nah had also been killed. Her nurse had fled,
carrying the child in her arms, and went in the
direction of the neighboring garrison house,
but being closely pursued she dropped the in-
fant in order to save herself, and it was slain
where it fell. The father pursued the In-
dians with a party of men and overtook them
in the woods near the edge of a swamp, where
they had seated themselves, and immediately
fired upon them, wounding one of the Indians
fatally, as the body was afterward found bur-
ied under the leaves where his companions
had laid him. The fact of his being wounded
was shown by traces of blood which led to the




place of concealment after being shot; and at
this place the Indians left behind ihem a bun-
dle of linen in which was found the scalps of
one or more of their victims. . .

Samuel Richardson married (first) Martha
. who died December 20, 1673; (sec-
ond) September 20. 1674. Hannah Kingsley,
who was killed bv the Indians, April 10, 1676;
(third) November 7, 1676, Phebe, daughter of
Deacon Baldwin. She died October 20, 1679.
and he niarried (fourth) Sarah, daughter of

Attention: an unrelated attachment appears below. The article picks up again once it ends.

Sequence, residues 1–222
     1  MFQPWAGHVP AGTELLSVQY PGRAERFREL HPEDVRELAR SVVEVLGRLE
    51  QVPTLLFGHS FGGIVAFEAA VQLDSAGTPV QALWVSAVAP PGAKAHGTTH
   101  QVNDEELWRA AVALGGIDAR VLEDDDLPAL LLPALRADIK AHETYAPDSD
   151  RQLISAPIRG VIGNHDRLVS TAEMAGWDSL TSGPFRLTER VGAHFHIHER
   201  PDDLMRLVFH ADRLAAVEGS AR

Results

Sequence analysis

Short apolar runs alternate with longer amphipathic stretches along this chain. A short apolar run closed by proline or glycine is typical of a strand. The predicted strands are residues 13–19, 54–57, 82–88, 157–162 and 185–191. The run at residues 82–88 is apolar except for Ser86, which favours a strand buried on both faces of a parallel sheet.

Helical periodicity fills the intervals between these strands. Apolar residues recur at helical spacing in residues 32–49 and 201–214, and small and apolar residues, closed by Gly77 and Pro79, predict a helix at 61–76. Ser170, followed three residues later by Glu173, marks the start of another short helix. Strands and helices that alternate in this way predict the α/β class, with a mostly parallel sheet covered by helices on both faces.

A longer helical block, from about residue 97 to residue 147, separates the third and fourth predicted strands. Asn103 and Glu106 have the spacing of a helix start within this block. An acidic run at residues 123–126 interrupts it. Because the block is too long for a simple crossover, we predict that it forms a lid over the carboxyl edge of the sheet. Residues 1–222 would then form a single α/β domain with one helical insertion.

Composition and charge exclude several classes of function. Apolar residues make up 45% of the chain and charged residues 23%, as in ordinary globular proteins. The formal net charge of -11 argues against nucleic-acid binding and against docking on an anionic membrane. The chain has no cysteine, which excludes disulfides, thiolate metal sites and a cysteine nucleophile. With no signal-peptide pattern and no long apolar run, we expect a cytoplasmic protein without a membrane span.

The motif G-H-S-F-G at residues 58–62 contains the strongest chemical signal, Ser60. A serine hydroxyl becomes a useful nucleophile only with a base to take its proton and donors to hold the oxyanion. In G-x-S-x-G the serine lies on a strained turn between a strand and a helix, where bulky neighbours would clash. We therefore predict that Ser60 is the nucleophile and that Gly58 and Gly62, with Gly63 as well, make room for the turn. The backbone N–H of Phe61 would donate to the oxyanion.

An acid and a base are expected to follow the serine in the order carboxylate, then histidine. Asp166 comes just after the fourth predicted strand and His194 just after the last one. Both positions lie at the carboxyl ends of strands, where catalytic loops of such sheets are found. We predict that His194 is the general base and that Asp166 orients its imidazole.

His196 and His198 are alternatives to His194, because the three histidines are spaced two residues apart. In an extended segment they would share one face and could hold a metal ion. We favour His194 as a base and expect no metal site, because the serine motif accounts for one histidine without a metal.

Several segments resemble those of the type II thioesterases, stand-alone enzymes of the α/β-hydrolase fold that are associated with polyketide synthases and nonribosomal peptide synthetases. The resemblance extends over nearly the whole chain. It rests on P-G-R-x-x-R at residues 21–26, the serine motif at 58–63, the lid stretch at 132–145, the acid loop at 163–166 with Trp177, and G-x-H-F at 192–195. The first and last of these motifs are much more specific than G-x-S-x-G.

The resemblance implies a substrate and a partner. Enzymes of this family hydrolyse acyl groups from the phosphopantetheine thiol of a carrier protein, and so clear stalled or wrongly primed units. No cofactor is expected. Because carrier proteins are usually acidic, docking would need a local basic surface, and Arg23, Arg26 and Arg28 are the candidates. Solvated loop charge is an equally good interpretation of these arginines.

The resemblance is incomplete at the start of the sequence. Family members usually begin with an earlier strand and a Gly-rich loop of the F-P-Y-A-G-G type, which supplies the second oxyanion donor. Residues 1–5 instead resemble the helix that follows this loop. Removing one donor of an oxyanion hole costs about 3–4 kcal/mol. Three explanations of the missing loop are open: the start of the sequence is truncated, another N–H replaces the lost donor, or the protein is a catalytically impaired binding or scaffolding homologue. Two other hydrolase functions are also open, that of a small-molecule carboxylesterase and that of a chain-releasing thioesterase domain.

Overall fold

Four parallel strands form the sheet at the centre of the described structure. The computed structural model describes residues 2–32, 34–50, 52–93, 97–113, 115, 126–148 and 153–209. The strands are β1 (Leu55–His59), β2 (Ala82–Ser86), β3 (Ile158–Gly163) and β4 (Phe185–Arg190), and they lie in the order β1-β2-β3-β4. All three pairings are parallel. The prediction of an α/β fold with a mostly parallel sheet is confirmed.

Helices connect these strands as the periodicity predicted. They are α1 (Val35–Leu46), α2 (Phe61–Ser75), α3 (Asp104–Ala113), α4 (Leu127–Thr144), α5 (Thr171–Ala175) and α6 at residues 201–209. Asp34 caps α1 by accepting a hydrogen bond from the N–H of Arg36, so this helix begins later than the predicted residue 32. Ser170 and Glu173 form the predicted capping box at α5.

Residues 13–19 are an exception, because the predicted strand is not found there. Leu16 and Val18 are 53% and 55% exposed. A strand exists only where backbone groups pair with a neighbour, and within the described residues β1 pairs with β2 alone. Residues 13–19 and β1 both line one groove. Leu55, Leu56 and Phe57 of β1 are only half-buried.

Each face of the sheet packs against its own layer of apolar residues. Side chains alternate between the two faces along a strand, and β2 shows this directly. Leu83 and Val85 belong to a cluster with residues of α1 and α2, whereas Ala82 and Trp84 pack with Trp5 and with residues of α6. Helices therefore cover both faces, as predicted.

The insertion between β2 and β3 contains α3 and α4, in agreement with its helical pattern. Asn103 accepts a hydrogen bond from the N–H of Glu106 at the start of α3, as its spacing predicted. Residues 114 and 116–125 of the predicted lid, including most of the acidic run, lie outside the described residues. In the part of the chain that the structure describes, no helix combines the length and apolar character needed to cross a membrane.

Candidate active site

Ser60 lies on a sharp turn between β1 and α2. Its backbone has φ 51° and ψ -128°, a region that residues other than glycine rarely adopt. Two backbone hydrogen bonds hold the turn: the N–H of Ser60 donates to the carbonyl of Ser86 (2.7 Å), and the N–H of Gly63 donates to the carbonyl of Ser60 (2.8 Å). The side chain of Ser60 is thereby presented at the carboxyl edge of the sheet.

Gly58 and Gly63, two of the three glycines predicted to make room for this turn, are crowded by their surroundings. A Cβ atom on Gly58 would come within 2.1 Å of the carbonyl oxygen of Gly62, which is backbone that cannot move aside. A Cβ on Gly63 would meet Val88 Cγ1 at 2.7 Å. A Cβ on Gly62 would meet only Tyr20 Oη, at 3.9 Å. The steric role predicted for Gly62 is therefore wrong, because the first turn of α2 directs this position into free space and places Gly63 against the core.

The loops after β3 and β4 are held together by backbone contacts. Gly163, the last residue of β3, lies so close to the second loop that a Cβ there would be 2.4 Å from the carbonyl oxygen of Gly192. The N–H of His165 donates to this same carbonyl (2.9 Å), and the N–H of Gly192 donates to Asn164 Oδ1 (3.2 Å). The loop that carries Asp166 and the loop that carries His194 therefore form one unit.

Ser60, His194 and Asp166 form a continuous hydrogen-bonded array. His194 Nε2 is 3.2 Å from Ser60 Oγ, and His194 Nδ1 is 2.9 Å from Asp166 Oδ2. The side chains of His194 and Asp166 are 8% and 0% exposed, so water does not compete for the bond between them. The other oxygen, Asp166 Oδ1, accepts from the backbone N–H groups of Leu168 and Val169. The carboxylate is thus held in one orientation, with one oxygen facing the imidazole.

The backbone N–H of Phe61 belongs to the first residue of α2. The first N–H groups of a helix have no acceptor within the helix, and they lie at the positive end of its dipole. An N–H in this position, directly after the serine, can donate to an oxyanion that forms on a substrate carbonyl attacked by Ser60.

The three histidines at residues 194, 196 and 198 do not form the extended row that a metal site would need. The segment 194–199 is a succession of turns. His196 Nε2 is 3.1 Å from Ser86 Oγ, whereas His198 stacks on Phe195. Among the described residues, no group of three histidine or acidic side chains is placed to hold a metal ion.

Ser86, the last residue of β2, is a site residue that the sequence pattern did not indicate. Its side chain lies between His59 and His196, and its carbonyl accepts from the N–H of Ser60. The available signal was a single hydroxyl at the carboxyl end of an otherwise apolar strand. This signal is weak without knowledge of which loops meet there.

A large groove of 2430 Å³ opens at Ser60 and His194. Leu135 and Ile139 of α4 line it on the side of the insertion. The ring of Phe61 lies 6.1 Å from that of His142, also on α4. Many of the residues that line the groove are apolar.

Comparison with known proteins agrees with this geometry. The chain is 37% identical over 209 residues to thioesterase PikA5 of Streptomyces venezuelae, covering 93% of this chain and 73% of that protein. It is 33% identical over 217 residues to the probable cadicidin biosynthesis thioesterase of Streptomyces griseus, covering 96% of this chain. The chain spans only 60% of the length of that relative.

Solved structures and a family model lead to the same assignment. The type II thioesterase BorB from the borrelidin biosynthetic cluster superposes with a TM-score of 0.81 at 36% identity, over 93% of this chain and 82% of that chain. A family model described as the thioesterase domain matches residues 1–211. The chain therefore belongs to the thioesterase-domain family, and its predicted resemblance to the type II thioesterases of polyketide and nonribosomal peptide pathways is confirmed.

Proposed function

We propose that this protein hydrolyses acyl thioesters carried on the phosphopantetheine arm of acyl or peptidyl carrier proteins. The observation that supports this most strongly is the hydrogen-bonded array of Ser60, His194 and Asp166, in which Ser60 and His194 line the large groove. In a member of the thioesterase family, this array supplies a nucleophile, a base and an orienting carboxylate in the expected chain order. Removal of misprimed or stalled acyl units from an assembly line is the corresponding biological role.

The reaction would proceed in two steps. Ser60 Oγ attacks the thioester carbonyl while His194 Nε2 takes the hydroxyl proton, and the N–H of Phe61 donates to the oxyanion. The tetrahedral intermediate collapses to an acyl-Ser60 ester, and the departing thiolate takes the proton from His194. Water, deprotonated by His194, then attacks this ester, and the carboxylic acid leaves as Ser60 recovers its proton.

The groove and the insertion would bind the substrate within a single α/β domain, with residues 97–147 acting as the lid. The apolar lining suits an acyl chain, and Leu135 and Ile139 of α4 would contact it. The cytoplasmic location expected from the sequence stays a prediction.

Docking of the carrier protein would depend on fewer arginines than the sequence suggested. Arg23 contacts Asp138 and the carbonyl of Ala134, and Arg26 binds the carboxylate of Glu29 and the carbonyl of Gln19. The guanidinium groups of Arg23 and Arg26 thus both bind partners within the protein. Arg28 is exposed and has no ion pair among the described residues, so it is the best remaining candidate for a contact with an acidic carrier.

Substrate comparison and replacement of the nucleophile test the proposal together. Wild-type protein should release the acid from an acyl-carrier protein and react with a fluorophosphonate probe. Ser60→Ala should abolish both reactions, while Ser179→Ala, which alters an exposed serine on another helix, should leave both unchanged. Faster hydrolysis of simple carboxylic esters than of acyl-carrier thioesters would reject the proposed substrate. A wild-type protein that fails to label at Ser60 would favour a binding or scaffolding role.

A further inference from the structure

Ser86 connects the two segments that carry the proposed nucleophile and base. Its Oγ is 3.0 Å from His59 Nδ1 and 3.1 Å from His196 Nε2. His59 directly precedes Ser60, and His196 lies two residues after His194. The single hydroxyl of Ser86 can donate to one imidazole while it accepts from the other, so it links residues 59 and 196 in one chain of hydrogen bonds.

Nathaniel Mavward, of Maiden. She sur-
vived him and died October 14, 1717. Sam-
uel Richardson had in all fifteen children, four
by his first wife, one by his second wife, one
by his third wife, and nine by his fourth wife :
I. Samuel, born November 5, 1670, married
(first) Susannah Richardson; (second) Es-
ther r -. 2. Thomas, twin with Samuel,

killed by Indians, April 10, 1676. 3. Eliza-
beth, bon about 1672, married Jacob Wyman.
4. Martha, born December 20. 1673, died No-
vember ( . 1677. 5. Hannah, born April 11,
1676, kii'.td by Indians, April 10, 1676. 6.
Zachariah, born November 21, 1677, married,
February 14. 1699- 1700, Mehitable Perrin. 7.
Thomas! born August 18, 1681, died Septem-
ber 9, 168 1. 8. Sarah, born August 20, 1682,
married William Chubb. 9. Thomas, born
September 25, 1684, married Rebecca Wy-
man. 10. Ebenezer, born March 15, 1686-87.
J I. Infant son, born August 17. 1689, died
same day. 12. Hannah, born .August 11, 1690,
married Pratt. 13. Eleazer, born Feb-